Issue 71

Zoom! There goes your data

Delivered on 30 March 2020 by Justin Pyvis. About a 4 min read.

Most of us have used Skype and email for work-related communication for a very long time, but they both lack comprehensive team coordination and collaboration features. That wasn't a big deal when you're sat sat within a few metres of the people with whom you want to collaborate. However, COVID-19 and the requisite social distancing has made that model all but impossible.

A huge percentage of the world's office workers are now locked up at home, and that has created demand for services that purport to offer said features. Enter the likes of Microsoft Teams (pre-installed with Windows), Slack, and Zoom, which have all surged in terms of user growth over the past few weeks.

Zoom is suddenly very popular. Source: Forbes

But the large scale move to video conferencing and collaboration software has caused some to question just how private these services actually are. While Microsoft Teams and Slack are the more mature products and have at least put some thought into their privacy policies, Zoom has been rather reckless with its approach:

[UPDATE: Since we wrote this issue Zoom patched its iOS app, and no longer sends data to Facebook upon opening. However, its blasé attitude to privacy and data security is still something to be very concerned about.]

Upon downloading and opening the app, Zoom connects to Facebook's Graph API, according to Motherboard's analysis of the app's network activity. The Graph API is the main way developers get data in or out of Facebook.

The Zoom app notifies Facebook when the user opens the app, details on the user's device such as the model, the time zone and city they are connecting from, which phone carrier they are using, and a unique advertiser identifier created by the user's device which companies can use to target a user with advertisements.

Zoom is not forthcoming with the data collection or the transfer of it to Facebook. Zoom's policy says the company may collect user's "Facebook profile information (when you use Facebook to log-in to our Products or to create an account for our Products)," but doesn't explicitly mention anything about sending data to Facebook on Zoom users who don't have a Facebook account at all.

Zoom is basically malware, as it's "intentionally designed to cause damage to a computer, server, client, or computer network". And it has been like that for some time:

Last year, security consultant Johnathan Leitschuch discovered that Zoom set up a local web server on a user’s Mac device that allowed Zoom to bypass security features in Safari 12.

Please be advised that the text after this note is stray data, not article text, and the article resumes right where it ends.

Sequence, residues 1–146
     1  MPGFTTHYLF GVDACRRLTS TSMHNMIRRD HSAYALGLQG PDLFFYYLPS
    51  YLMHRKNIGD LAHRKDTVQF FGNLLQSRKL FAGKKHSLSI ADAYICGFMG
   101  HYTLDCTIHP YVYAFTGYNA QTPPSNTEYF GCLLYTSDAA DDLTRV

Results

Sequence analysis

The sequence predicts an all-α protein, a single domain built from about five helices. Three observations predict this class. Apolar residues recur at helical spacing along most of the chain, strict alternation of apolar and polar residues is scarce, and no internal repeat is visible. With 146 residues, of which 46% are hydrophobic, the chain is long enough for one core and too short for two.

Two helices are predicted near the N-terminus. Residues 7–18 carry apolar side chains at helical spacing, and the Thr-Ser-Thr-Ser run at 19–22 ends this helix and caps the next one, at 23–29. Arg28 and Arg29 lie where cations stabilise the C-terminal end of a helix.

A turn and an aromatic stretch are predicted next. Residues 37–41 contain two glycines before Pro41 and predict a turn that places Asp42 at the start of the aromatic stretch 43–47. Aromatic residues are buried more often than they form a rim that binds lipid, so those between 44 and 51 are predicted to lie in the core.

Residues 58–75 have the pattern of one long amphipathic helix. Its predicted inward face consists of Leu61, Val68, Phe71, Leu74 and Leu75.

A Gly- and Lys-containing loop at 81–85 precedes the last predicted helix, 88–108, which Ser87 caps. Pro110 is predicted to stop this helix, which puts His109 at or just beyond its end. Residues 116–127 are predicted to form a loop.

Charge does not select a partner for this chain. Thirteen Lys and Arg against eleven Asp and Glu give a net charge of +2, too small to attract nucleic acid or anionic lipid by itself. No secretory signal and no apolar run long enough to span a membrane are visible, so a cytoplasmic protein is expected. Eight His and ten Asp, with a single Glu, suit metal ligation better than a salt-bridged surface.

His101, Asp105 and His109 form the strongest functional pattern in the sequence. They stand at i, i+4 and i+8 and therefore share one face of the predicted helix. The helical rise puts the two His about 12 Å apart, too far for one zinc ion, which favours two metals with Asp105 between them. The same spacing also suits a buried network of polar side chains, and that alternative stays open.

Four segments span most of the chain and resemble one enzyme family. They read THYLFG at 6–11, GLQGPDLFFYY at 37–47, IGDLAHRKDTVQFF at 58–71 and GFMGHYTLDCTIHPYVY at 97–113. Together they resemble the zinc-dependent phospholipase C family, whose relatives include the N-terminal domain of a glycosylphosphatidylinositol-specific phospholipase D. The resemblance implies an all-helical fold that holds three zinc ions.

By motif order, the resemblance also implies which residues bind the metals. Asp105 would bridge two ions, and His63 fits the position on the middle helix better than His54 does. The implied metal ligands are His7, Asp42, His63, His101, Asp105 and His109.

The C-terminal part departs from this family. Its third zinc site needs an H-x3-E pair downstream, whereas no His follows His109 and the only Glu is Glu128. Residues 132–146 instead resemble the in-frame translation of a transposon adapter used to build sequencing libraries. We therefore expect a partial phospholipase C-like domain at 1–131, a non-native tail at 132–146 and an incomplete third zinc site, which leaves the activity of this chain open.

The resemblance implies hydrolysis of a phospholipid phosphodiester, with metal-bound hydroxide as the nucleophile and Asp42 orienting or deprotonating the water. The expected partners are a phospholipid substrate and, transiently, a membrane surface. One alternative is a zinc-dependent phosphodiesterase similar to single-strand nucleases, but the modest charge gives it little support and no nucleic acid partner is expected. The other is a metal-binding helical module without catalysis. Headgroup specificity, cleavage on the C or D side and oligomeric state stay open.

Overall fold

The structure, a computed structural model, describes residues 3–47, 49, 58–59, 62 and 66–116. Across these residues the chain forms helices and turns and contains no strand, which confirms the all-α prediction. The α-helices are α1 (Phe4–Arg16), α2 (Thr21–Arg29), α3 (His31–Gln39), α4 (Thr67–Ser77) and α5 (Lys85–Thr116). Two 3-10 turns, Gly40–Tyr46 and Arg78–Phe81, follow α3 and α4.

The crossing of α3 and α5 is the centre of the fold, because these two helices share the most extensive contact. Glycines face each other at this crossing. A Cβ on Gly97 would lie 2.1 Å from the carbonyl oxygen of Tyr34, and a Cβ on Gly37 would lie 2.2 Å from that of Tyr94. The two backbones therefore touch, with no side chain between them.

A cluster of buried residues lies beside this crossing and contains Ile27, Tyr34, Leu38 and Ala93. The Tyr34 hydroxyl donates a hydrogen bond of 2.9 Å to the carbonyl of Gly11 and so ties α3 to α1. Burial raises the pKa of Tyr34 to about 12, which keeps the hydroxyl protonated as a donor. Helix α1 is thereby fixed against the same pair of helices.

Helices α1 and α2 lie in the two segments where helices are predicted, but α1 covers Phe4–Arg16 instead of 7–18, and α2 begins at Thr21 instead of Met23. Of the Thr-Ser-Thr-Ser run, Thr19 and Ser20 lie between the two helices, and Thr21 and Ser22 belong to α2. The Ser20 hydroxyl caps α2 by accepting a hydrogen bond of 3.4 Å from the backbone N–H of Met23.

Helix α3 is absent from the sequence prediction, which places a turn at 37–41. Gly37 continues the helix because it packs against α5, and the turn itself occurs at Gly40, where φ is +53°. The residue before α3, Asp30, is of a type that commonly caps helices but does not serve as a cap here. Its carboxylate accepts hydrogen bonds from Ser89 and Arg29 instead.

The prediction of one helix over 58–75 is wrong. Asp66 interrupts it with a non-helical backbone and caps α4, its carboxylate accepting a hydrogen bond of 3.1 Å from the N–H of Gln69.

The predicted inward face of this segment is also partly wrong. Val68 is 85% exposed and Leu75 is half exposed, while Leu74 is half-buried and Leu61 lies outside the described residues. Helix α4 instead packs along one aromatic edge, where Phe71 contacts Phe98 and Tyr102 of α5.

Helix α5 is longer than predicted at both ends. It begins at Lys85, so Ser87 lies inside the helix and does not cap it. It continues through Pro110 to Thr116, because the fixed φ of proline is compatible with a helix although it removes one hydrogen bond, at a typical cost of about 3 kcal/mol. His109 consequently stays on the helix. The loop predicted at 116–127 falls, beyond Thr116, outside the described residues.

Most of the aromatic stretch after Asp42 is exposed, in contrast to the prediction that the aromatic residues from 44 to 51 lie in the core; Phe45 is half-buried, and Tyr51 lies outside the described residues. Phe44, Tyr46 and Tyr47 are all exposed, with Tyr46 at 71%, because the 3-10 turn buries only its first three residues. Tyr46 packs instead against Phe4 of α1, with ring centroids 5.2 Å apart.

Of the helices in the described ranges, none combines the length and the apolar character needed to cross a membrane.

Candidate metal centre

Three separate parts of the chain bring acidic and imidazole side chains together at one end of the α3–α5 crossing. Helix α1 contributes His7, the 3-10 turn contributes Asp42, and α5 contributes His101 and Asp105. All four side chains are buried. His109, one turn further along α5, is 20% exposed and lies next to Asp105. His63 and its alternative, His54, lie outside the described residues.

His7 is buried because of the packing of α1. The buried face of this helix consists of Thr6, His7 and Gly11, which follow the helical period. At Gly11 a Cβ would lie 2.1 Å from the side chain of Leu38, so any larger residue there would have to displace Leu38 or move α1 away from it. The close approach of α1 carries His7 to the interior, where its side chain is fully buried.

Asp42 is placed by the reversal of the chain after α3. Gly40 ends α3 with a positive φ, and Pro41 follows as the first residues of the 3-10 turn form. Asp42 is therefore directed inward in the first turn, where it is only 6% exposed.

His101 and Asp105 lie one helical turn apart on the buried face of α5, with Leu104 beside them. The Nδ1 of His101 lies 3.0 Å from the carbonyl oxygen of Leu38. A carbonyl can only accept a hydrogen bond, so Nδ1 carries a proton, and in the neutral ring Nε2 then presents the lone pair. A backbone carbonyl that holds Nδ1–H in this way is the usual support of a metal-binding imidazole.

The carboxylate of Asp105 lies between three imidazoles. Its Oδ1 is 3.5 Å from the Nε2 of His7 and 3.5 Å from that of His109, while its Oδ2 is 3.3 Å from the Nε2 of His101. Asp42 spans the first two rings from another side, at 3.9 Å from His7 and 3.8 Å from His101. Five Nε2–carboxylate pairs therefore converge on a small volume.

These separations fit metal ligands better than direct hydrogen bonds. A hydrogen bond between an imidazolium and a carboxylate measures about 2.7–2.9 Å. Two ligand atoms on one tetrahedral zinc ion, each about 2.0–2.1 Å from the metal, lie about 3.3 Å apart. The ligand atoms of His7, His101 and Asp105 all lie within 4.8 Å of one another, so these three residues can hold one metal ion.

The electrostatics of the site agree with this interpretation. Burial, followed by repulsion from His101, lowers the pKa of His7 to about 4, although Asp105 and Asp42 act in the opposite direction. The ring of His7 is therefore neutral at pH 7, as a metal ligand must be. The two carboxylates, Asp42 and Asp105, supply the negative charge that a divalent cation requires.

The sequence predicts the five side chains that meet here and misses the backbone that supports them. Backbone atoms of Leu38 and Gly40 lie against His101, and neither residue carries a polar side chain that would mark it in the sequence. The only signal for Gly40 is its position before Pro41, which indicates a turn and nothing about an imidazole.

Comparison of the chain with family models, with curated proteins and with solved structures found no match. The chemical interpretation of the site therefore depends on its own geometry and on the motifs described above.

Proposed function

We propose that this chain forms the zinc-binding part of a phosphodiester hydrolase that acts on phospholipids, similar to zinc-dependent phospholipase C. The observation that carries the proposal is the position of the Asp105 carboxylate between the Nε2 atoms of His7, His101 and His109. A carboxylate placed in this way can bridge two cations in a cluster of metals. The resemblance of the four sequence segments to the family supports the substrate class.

This led Electronic Privacy Information Center to file an FTC complaint against Zoom, alleging that Zoom “intentionally designed its web conferencing service to bypass browser security settings and remotely enable a user’s web camera without the knowledge or consent of the user.”

While Zoom has since removed these remote web servers, its cavalier approach to getting user permission and its disregard for security and privacy concerns in the pursuit of convenience raise serious questions about trust.

As the article notes, Zoom has decided that control, convenience and operability should always come before privacy and security. Fair enough, too - that probably matches the choice set of most of its users.

The good news is that there are alternatives, including the fully encrypted and open source Jitsi Meet. The bad news is that you've got a snowball's chance in hell of convincing your IT team it's a good idea to sacrifice a bit of centralised control to better protect their employees' privacy.

Enjoy the rest of this week's issue. Cheers,

— Justin

Other bits of interest

China wants to reinvent the internet

Not all progress is good:

Huawei describes the existing internet infrastructure that underpins global networks — known as TCP/IP — as “unstable” and “vastly insufficient” to meet the requirements of the digital world by 2030, including self-driving cars, the ubiquitous internet of things and “holo-sense teleportation”.

Instead, the Chinese proposals suggest the ITU take a “long-term view” and “shoulder the responsibility of a top-down design for the future network”.

It may be correct, but that doesn't mean its solution is the right one. A decentralised, bottom-up approach should be the only option considered going forward. If anything we need fewer centralised intermediaries (points of failure), not one big one.


A bit of social distancing is a good thing

I've been wondering about this for a few weeks - will social distancing and the the cessation of cruise ships spreading disease between hemispheres every year stop other bugs, not just the coronavirus, spreading? It sure looks that way:


When all is said and done...

...the fight to claw back liberties will be an immense one. When fear rises, liberty tends to fall out of favour with the populous. Some of it might be justified - for example, enhanced powers to lock up people deliberately going around infecting others.

But right now we have governments - which by and large botched their initial responses to this crisis - granting themselves enormous powers over people while simultaneous spending ten, twenty percent of GDP on relief packages loaded with pork to fix a problem largely of their own making.

That's effectively a power trip combined with a gravy train that will be difficult to stop, let alone unwind.


Issue 71: Zoom! There goes your data was compiled by Justin Pyvis and delivered on 30 March 2020. Join the conversation on the fediverse at